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A7 series tethering speeds

Brandon Jackson

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Jun 25, 2020
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All, I'm new to the Sony A7 ecosystem as I recently picked up an A7R II. Part of what I shoot are headshots and for the past few years I've shot tethered during my shoots so the client(s) can see the images as I shoot. This has been a great way to work giving instant feedback and it helps coach the subject. When I have been using my Olympus EM1 (both mki and mkii) the images show nearly instantly, like .5 second or less even when shooting raw. Now granted the images are much smaller (20mp) and shooting raw makes a ~17 MB file and the EM1 mkii has USB 3 so this isn't unexpected. I find that shooting tethered with the A7rII that it takes ~5 seconds so see an image. Of course it runs a slower USB2 port and it has to transfer a 42MB file. Even jpegs are only slightly less time to transfer as I think the camera spends a lot of time having to process all that image data..

So long story but my question is does anyone have experience with tethering speeds on an A7II or the III as well as the A7RIII? I'm going to get a second body this month and was thinking an A7II might be the perfect backup/headshot camera since I don't need 40+ mp for headshots and the smaller file size might make for faster tethering.

Thank in advance for any thoughts here,

Brandon
 

SpecFoto

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Brandon, I don't do much tethering, as my portraits are 99% outside in natural settings, but I can offer some other info you may find useful. Long time user of M4/3 and since 2014 I have shot with a EM1 and the Nocticron 42.5 f1.2 and Oly 75mm f1.8 for my portrait work. Two year ago I added a Sony A7III and my goto lenses are the Zeiss Basis 85mm f1.8 and the Batis 135mm f2.8, both of which have OIS, as the Sony IBIS just sucks compared to Olympus. Use the Sony 55 f1.8 too, which is great.

Olympus uses lossless compression that reduces the file size of raws to between 17 to 20mb. It just works great behind the scene without degrading the photo. Sony does not have lossless compression and their Compressed Raw is lossy compression. It reduces the file from a 14 bit to a 12 bit file, something they don't like to mention, and artifacts can be seen in some cases. Sony A7III Compressed Raw files are in the 20 to 25MB range, where the uncompressed raw file size is 49 MB, or 2-1/2 times the file size of the Olympus file and twice as big as the Sony Compressed Raw. It's definitely takes longer to transfer, but this is the file format I use for Sony as I want my Raws to be a clean as possible.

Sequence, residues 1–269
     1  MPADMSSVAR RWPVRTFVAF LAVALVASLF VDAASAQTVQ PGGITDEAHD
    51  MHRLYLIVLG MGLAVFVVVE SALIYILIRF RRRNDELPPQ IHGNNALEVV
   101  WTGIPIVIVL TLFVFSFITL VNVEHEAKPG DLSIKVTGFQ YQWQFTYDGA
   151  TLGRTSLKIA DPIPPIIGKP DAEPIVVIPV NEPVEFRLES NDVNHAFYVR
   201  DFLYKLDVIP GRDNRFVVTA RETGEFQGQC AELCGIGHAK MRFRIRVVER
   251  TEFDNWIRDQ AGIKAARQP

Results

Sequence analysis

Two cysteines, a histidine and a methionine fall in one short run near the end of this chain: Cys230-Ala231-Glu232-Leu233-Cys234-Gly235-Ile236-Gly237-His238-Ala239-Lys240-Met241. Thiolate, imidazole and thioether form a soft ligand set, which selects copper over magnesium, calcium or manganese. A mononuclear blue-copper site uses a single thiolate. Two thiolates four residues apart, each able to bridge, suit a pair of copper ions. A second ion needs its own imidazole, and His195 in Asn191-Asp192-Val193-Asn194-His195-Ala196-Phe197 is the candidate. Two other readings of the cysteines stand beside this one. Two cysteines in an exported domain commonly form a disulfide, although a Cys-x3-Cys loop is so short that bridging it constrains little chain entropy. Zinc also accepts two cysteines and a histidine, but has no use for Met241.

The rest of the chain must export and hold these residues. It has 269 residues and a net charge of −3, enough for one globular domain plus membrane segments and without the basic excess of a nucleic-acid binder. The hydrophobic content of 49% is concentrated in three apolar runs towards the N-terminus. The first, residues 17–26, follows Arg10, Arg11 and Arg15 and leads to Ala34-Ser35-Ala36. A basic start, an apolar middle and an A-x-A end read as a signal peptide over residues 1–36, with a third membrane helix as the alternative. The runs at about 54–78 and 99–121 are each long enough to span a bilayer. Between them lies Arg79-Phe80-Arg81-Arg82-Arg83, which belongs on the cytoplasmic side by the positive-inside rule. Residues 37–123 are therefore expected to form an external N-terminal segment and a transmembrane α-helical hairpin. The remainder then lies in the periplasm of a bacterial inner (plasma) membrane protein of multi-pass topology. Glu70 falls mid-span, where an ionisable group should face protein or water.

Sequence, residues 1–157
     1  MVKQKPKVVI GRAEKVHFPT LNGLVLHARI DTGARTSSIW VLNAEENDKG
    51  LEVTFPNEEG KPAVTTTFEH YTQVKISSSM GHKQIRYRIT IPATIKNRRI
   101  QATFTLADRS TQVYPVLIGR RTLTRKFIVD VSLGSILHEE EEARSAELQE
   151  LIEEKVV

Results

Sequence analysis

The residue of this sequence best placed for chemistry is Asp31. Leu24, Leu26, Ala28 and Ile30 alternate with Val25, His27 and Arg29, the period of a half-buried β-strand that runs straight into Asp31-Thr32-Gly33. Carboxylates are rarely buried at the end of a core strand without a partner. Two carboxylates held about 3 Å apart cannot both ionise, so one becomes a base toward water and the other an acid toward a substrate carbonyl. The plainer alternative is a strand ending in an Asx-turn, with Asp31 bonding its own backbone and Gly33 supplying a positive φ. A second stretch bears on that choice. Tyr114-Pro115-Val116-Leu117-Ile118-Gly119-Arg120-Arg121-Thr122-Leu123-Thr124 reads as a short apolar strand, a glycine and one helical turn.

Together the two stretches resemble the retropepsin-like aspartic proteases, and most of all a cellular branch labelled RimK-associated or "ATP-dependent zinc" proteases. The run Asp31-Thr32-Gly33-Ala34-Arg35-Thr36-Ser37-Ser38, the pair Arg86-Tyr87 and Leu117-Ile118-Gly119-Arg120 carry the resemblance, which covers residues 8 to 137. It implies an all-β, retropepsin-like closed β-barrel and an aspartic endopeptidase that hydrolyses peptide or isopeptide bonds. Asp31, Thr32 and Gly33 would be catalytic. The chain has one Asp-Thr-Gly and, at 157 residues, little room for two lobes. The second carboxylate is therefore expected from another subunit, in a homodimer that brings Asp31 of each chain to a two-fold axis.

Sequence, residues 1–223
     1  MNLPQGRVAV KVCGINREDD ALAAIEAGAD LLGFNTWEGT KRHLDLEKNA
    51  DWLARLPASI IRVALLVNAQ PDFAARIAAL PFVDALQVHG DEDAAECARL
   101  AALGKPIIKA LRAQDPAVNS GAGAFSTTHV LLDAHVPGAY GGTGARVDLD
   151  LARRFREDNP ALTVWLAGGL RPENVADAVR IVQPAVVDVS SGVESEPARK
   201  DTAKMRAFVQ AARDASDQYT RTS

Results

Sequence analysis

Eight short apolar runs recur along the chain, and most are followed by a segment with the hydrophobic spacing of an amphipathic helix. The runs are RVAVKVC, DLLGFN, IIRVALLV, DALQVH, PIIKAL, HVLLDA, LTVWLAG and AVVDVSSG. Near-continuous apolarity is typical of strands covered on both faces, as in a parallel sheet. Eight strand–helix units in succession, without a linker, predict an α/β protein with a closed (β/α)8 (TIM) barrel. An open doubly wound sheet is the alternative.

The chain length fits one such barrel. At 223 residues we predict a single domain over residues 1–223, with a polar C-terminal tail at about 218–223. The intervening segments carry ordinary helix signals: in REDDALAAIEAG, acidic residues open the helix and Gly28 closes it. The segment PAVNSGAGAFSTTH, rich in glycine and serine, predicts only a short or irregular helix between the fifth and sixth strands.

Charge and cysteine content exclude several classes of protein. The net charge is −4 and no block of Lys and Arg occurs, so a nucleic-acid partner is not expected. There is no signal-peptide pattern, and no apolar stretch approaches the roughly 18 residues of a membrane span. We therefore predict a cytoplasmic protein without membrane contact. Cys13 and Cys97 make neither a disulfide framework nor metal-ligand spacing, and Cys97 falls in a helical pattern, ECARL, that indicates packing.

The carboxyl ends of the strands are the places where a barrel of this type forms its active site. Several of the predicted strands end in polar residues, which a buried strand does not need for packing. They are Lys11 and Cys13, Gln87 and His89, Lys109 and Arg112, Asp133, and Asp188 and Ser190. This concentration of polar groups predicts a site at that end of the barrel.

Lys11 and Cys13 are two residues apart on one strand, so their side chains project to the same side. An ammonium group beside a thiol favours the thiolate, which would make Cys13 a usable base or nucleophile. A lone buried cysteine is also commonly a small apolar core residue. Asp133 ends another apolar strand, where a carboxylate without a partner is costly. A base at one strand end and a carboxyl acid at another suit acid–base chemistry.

My suggestion is to get the A7III and not the previous model II for two very important reasons. The upgraded battery and the eye detect AF. The battery went up in size in the Ver. III of the A7 and A7R models and it makes a huge difference. I can shoot upwards of 1,000 shots on 1 battery if I don't pixel peep too much, just remarkable. And the eye detect is just incredible on the A7III, much better than previous. I turn this on and just forget about focusing with portraits. This Saturday I had a shoot in the Hi Desert with 2 models and took over 450 photos and only 1, yes 1, had blown focus. The models were not always still or looking at the camera, if the focus can't find an eye it goes to a face or head outline.

I shot with Nikon FF lenses for many years and the DOF on FF fast lenses is most times not enough for close up portrait work and that is why my Nikon 58mm f1.4 and 85mm f1.4 lenses were mostly shot at F2 to F2.4. For this reason went I with the Basis 85mm f1.8 and 135mm f2.8 lenses and did not feel I needed the heavier and more expensive f1.4 and f1.8 variants. Very happy with this decision.

And, just to muck things up :laugh:, I recently bought the new Olympus EM1.3 as I miss shooting with my Nocticron f1.2 lens. The Nocticron has double the DOF but is still a f1.2 lens, and that is why I consider it my best portrait lens ever. And the new EM1.3 now has very, very good eye and face detection. The Sony eye detect will work a bit further away and this comes into play sometimes at the 135mm, or Oly 75mm length, but other than that the 2 eye detect systems are comparable. And if the Olympus Eye detect doesn't pick up at longer distances, they have finally added a joystick for moving the AF point, that makes this easy to do. As a lot of my shoots are off road, I will continue to carry the Oly system due to the lighter weight and bulk, as I usually bring Godox AD200 light and carry all on my back.